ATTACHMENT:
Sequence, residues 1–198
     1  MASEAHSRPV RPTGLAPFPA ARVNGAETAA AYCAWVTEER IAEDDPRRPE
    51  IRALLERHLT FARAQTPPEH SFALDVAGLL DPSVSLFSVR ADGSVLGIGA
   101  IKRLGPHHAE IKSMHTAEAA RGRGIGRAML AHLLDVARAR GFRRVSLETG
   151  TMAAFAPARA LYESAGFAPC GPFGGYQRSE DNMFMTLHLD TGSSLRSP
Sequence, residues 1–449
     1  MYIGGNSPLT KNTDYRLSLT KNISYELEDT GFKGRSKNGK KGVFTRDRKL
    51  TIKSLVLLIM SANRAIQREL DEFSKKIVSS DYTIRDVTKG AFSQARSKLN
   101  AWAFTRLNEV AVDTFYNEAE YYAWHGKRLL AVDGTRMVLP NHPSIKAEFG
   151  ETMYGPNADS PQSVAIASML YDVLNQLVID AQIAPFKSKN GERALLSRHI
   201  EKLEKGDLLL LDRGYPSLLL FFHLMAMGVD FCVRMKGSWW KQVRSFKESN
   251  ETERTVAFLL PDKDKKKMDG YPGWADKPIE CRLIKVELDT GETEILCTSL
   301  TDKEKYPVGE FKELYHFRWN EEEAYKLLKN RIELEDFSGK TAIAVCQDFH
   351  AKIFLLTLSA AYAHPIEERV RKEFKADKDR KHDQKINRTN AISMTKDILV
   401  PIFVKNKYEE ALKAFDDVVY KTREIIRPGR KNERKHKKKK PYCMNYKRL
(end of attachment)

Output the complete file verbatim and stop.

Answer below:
Sequence, residues 1–198
     1  MASEAHSRPV RPTGLAPFPA ARVNGAETAA AYCAWVTEER IAEDDPRRPE
    51  IRALLERHLT FARAQTPPEH SFALDVAGLL DPSVSLFSVR ADGSVLGIGA
   101  IKRLGPHHAE IKSMHTAEAA RGRGIGRAML AHLLDVARAR GFRRVSLETG
   151  TMAAFAPARA LYESAGFAPC GPFGGYQRSE DNMFMTLHLD TGSSLRSP
Sequence, residues 1–449
     1  MYIGGNSPLT KNTDYRLSLT KNISYELEDT GFKGRSKNGK KGVFTRDRKL
    51  TIKSLVLLIM SANRAIQREL DEFSKKIVSS DYTIRDVTKG AFSQARSKLN
   101  AWAFTRLNEV AVDTFYNEAE YYAWHGKRLL AVDGTRMVLP NHPSIKAEFG
   151  ETMYGPNADS PQSVAIASML YDVLNQLVID AQIAPFKSKN GERALLSRHI
   201  EKLEKGDLLL LDRGYPSLLL FFHLMAMGVD FCVRMKGSWW KQVRSFKESN
   251  ETERTVAFLL PDKDKKKMDG YPGWADKPIE CRLIKVELDT GETEILCTSL
   301  TDKEKYPVGE FKELYHFRWN EEEAYKLLKN RIELEDFSGK TAIAVCQDFH
   351  AKIFLLTLSA AYAHPIEERV RKEFKADKDR KHDQKINRTN AISMTKDILV
   401  PIFVKNKYEE ALKAFDDVVY KTREIIRPGR KNERKHKKKK PYCMNYKRL